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Urban Agriculturalist: Intercultural Gardens

Intercultural GardenUrban Agriculturalist is a series on the ways city and suburb dwellers use their land as a food resource.

It is a truth well documented that community gardens foster unity among neighbors, but Germany’s Stiftung Interkultur has taken this logic a step further in the creation of its Intercultural Gardens. Communities in Berlin, Gottingen, Hamburg, and Munich (among others) are home to large and diverse immigrant populations, often living in close proximity. To encourage interaction and community spirit between German residents of all extractions, the Stiftung Interkultur has built a series of community gardens in which residents can share their gardening skills and horticultural knowledge with one another. The idea was born out of recognition that social exclusion plagued many new immigrants to Germany. Further, members of the discussions at Stiftung Interkultur felt that environmental and sustainable eating considerations were directed at the middle class, causing a secondary level of isolation that affected the health and eating practices of urban immigrants.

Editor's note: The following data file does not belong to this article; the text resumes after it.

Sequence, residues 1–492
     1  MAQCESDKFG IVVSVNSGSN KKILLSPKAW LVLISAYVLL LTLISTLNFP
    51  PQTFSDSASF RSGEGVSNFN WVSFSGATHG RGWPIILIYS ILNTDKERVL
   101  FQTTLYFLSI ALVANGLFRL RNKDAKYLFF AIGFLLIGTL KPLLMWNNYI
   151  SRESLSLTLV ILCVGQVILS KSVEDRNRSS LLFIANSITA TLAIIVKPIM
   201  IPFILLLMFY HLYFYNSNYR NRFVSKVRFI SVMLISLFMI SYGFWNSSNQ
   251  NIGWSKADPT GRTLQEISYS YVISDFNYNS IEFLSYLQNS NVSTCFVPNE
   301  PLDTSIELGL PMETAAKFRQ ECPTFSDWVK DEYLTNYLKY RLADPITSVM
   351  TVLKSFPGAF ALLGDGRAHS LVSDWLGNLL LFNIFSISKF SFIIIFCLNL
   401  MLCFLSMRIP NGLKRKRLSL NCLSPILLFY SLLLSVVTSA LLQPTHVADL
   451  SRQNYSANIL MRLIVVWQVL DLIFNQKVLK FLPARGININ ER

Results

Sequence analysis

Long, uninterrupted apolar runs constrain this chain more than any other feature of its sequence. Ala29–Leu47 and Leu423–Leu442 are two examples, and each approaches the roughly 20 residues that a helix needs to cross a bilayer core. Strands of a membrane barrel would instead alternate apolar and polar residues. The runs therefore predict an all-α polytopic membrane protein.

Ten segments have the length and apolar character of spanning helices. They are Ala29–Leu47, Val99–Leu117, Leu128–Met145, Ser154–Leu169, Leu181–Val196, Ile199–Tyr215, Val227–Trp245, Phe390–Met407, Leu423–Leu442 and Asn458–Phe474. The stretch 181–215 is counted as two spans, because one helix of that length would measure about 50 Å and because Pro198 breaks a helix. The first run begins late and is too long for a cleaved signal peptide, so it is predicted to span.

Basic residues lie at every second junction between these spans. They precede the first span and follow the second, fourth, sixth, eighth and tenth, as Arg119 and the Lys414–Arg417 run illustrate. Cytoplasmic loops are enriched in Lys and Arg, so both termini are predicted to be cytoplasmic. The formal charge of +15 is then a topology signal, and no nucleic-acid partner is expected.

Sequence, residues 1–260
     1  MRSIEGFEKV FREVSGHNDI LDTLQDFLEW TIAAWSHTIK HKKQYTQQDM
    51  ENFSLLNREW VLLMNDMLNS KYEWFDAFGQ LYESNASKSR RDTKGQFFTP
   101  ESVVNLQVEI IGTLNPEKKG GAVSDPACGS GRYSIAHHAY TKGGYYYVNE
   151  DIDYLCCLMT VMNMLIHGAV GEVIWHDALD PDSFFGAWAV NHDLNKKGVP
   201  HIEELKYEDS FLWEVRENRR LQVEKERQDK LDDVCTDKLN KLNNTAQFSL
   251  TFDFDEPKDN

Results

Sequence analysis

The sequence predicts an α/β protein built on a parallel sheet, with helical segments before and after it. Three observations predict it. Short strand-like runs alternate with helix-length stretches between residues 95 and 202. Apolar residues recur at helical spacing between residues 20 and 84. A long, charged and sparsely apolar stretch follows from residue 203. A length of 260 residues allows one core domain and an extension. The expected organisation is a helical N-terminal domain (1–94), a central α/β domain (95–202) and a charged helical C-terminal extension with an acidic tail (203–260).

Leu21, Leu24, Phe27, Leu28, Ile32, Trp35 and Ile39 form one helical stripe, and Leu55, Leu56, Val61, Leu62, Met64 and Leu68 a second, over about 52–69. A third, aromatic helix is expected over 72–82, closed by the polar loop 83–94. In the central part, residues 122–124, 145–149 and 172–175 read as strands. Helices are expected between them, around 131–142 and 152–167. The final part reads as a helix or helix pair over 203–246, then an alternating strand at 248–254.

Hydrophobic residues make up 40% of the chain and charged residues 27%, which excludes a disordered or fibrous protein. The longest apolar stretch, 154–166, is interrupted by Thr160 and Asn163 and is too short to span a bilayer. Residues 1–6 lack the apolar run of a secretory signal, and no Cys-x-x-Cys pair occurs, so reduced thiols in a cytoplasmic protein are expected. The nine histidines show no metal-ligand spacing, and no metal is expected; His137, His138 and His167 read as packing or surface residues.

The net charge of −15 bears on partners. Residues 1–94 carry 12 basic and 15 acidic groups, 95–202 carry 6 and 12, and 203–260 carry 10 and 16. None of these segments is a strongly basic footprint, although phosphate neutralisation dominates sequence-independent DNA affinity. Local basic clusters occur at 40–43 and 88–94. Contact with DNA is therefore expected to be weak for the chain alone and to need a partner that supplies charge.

Gardening is an ideal tool to combat these institutionalized conditions because it provides a level playing field, with immigrants from places as disparate as Vietnam, Tajikistan and Bosnia finding value in the unique skills they can contribute and common ground surrounding agricultural practices that transcend nationality and culture. Many of the participants come from agricultural communities and can use the garden to keep old traditions alive. Even those who do not participate in the gardening itself are invited to enjoy the space as a public arena in which to socialize with neighbors.

Gardening participants believe that the approach of the Intercultural Gardens works because the procedures at the gardens are elastic: new participants are not ‘taught’ how to garden, rather their input is required to help the garden flourish. While they spend most of their time adapting to a new culture, immigrants can apply long-held skills to this important, neighborly endeavor.

For more information, see the Stiftung Interkultur website.

(Photo courtesy of Stiftung Interkultur)

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